Naftali Bennett, the Israeli economy minister, blasted Kerry for linking ISIS, which seeks an Islamic caliphate in Syria, Iraq and beyond, to the Israeli-Palestinian conflict, saying it "gives a boost to global terrorism."

"It turns out that even when a British Muslim beheads a British Christian, there will always be those who blame the Jews," Bennett said, alluding to the beheading earlier this month of British aid worker Alan Henning. The killer, believed to be the same man who beheaded American journalists James Foley and Steven Satloff, speaks with a British accent.

Kerry's statement, made at a State Department reception celebrating the Muslim Eid al-Adha holiday, is a bit of a contradiction to President Obama's statement during a speech to the United Nations last month. While also calling for peace talks to resume, Obama acknowledged that "the situation in Iraq and Syria and Libya should cure anybody of the illusion that the Arab-Israeli conflict is the main source of problems in the region."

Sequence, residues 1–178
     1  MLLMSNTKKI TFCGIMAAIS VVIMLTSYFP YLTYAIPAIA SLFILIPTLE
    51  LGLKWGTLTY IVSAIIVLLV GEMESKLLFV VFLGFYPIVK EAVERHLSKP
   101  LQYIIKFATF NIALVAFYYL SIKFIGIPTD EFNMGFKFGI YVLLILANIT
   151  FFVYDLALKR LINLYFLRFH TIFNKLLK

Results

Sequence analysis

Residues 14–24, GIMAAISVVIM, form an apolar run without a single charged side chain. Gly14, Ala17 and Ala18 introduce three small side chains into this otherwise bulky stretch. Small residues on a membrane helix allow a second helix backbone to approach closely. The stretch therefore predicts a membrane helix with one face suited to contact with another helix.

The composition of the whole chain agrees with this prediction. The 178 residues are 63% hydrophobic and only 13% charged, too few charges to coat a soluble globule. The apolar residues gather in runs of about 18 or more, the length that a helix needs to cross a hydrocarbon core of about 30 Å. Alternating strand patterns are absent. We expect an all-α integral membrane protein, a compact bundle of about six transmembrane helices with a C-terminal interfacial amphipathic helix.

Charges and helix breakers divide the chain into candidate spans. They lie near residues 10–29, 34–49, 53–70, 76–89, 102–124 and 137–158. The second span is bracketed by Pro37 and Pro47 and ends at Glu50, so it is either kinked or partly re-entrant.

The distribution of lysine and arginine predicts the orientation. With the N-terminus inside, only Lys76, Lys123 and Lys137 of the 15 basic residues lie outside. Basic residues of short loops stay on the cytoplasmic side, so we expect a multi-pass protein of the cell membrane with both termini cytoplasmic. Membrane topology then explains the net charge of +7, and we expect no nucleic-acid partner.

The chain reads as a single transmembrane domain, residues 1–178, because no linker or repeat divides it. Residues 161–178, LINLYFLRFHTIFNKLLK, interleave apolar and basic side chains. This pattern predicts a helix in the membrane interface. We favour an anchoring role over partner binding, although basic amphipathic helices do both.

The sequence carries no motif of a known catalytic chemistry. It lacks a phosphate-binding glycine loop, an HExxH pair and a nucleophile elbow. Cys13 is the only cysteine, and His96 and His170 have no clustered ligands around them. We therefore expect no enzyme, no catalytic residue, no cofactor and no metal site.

And there's another obvious point Kerry doesn't seem to understand. The radical Islamists in ISIS, like radical Islamists in Hamas, Palestinian Islamic Jihad, Hizballah and others, absolutely reject any peaceful settlement between Israel and the Palestinians. It is codified in their founding charters and repeated statements. Their only acceptable outcome is Israel's destruction. Given that, it's difficult to understand how a peaceful resolution guaranteeing and Jewish homeland in Israel and a Palestinian state, would do anything but ignite new fury and spike the number of recruits seeking to join the jihad.

IPT News


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Coalition Air Strikes may be helping to turn the Tide in Kobani - Rick Moran

by Rick Moran